Gerard Debreu 1997

Gerard Debreu’s contributions are in general equilibrium theory—highly abstract theory about whether and how each market reaches equilibrium. In a famous paper coauthored with Kenneth Arrow and published in 1954, Debreu proved that under fairly unrestrictive assumptions, prices exist that bring markets into equilibrium. In his 1959 book, The Theory of Value, Debreu introduced more general equilibrium theory, using complex analytic tools from mathematics—set theory and topology—to prove his theorems. In 1983 Debreu was awarded the Nobel Prize “for having incorporated new analytical methods into economic theory and for his rigorous reformulation of the theory of general equilibrium.”

A native of France, Debreu spent most of his professional life at the University of California at Berkeley. He started as a professor of economics in 1962 and was appointed professor of mathematics in 1975. In 1976 Debreu was made a chevalier of the French Legion of Honor.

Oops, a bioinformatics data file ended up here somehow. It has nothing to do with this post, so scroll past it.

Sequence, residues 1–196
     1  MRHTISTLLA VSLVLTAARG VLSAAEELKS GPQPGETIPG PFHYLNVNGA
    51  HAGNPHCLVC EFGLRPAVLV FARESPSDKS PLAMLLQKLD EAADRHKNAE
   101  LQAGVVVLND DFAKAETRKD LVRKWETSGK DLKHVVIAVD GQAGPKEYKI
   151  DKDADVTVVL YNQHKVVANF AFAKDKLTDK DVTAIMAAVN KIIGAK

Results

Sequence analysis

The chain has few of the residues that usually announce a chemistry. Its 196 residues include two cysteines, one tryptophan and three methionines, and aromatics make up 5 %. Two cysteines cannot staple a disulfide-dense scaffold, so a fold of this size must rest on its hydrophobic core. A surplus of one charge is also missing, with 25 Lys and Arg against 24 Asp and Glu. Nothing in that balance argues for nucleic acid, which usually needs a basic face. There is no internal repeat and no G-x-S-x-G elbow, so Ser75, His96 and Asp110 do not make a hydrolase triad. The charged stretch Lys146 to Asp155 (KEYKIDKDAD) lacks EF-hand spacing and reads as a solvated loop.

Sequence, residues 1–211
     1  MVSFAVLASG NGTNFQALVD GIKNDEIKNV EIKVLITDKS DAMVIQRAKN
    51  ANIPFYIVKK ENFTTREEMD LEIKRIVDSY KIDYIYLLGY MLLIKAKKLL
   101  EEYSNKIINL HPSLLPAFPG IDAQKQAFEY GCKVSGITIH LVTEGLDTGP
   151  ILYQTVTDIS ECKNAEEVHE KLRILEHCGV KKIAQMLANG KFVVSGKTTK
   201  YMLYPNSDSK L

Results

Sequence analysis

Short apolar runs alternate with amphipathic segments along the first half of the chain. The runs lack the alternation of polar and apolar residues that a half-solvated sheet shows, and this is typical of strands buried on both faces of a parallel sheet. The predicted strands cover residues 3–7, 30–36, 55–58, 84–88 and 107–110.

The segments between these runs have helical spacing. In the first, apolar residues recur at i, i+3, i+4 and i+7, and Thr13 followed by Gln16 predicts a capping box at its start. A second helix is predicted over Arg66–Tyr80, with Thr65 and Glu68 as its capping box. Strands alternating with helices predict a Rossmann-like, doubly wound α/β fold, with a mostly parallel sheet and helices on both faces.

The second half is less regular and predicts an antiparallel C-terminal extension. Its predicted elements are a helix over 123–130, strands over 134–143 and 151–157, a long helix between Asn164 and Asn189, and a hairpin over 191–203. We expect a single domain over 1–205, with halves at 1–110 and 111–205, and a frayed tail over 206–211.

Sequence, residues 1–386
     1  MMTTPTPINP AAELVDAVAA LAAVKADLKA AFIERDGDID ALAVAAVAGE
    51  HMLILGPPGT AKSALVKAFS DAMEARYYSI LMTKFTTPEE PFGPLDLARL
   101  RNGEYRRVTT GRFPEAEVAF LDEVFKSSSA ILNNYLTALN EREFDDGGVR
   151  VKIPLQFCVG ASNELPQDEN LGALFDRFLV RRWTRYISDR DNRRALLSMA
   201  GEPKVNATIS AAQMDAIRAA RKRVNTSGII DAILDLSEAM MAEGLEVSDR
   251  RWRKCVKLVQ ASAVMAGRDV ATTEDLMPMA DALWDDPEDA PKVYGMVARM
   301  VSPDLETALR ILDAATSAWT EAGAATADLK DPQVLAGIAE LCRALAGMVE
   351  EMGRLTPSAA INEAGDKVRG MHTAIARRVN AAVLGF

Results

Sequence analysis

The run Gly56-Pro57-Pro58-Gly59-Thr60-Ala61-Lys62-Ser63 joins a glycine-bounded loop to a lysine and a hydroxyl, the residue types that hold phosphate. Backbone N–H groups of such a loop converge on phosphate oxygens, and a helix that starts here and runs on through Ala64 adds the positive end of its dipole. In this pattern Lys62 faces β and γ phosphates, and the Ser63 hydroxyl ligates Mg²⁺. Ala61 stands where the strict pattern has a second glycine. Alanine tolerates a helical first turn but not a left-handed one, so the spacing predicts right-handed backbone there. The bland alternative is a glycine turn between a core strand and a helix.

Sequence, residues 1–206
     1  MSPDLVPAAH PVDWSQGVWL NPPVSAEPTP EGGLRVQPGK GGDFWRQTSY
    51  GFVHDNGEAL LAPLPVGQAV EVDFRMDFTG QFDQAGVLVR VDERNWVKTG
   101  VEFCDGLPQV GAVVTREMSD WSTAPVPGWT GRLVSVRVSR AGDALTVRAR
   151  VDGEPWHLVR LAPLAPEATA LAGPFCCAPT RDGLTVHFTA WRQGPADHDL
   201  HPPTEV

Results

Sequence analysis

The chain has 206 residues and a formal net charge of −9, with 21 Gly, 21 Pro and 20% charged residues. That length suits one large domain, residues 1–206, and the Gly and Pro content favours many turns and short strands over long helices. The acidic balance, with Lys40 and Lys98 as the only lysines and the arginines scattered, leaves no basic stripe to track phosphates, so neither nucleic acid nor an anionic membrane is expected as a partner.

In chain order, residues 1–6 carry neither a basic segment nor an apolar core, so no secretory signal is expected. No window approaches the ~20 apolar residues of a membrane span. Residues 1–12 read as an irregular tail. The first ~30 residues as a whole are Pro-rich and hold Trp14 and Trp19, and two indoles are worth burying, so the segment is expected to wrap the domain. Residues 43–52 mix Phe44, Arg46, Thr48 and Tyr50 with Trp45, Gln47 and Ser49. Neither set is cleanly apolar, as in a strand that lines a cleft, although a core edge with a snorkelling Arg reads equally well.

About the Author

David R. Henderson is the editor of The Concise Encyclopedia of Economics. He is also an emeritus professor of economics with the Naval Postgraduate School and a research fellow with the Hoover Institution at Stanford University. He earned his Ph.D. in economics at UCLA.

Selected Works

1954 (with Kenneth Arrow). “Existence of a Competitive Equilibrium for a Competitive Economy.” Econometrica 22, no. 3: 205–290.
1959. Theory of Value: An Axiomatic Analysis of Economic Equilibrium. New York: Wiley. Reprint. New Haven: Yale University Press, 1971.
1981. Mathematical Economics: Twenty Papers of Gerard Debreu. Edited by W. Hildenbrand. Cambridge: Cambridge University Press.

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